Although financial stress exists for a large number of employees, a recent survey indicates that more people are stashing away enough for life after work.
Although the plan is a separate program from company retirement plans, sponsors often aren't telling their workers about it as a way to improve their benefits.
BayCare Health System of Florida has geared a new retirement savings push toward women after realizing that more than three-quarters of its workforce were female, generic savings seminars were not well attended, and women historically haven't been good savers.
Consultants recommend that workers save 10 to 12 percent of pay annually, but a new study shows that 42 percent of women contribute the lowest amount—1 to 5 percent—of pay to their retirement accounts.
More than half of Transamerica Retirement Survey respondents say they don't think they are building a sufficient nest egg—a percentage consistent for all ages of workers.Read More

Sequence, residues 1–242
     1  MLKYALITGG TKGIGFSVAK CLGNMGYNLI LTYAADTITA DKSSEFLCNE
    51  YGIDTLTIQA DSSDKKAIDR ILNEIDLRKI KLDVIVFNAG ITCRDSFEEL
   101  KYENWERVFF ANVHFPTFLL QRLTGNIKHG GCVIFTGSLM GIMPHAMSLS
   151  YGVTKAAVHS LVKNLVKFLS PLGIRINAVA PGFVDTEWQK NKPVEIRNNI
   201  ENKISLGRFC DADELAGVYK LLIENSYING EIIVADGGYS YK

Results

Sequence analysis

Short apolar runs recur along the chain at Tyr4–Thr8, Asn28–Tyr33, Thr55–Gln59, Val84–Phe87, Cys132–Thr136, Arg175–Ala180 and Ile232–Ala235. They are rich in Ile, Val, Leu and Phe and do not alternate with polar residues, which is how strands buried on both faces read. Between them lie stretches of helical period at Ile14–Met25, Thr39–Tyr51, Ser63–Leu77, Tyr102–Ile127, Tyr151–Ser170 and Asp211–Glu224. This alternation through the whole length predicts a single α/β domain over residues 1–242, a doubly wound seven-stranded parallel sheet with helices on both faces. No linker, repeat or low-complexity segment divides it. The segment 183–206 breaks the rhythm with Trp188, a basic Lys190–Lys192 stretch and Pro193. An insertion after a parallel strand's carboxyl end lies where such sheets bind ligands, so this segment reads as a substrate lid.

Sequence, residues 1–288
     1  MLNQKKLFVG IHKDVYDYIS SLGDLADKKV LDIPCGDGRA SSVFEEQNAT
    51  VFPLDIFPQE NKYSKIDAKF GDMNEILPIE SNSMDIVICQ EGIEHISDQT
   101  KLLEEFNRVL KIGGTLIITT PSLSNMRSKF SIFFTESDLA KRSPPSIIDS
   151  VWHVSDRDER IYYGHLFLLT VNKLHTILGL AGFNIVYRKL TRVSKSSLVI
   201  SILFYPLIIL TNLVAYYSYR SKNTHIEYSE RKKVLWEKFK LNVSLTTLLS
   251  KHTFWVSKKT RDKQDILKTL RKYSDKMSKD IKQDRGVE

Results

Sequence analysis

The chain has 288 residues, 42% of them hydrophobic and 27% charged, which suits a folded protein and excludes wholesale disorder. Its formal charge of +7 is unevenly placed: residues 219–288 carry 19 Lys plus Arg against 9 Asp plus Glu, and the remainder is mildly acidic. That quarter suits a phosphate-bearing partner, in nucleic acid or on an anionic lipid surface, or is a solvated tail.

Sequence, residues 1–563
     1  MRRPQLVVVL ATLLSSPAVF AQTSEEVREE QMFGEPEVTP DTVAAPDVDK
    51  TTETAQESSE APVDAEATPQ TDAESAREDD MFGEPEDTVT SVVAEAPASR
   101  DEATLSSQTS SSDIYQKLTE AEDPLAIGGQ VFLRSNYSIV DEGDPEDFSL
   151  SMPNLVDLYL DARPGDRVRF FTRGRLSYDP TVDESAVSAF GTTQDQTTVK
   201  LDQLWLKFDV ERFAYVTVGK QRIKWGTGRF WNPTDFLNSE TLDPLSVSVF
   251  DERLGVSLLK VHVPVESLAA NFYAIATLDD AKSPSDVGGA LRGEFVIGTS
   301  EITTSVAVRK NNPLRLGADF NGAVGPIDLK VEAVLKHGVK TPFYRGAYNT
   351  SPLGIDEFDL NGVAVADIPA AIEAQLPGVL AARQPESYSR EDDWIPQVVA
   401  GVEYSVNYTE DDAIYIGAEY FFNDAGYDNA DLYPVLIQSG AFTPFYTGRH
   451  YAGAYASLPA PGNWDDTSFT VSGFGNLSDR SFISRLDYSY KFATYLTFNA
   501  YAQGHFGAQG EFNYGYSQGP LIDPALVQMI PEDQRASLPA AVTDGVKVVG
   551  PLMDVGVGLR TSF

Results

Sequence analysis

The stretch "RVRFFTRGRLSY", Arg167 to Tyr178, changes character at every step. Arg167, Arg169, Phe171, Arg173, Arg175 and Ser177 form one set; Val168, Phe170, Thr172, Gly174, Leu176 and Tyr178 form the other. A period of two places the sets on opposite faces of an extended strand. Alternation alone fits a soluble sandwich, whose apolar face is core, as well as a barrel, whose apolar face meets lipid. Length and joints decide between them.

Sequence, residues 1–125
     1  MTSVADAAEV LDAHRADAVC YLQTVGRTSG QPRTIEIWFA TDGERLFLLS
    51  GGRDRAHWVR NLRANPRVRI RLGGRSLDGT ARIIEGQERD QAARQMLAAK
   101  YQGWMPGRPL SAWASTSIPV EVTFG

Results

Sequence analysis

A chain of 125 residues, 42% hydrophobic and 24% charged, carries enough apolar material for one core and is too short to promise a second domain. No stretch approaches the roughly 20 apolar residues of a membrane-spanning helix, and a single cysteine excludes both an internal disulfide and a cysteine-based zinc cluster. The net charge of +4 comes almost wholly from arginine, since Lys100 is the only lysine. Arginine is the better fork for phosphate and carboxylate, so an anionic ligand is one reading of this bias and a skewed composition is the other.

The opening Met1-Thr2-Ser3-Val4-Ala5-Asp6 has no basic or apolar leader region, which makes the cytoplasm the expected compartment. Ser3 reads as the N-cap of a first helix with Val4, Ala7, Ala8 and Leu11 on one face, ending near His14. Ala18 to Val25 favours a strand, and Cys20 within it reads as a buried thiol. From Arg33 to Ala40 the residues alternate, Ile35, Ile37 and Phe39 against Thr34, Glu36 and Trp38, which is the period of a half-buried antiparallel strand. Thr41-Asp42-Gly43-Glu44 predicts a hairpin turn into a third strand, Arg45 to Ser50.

Retirement accounts that remain after a worker leaves are an annoyance to plan sponsors and a burden for company administrators.Read More
Before a plan can be terminated, it needs to have all the funds necessary to pay benefits to employees. Once that happens, plan sponsors can start the process of shutting down the plan.Read More
Even with employer matches, automatically enrolled workers' annual savings doesn't hit the recommended minimum 10 percent of pay.Read More
The case is significant because new federal rules that go into effect this summer will require 401(k) plan service providers—such as record keepers and investment managers—to report detailed fee information to plan sponsors.Read More
Plan sponsors need provider fee information so they can give participants data on fees. This regulation comes in two waves: the first requiring plan sponsors to give participants plan and investment information due Aug. 30, and the second delivering quarterly information on fees and services to participants' individual accounts, due Nov. 14.Read More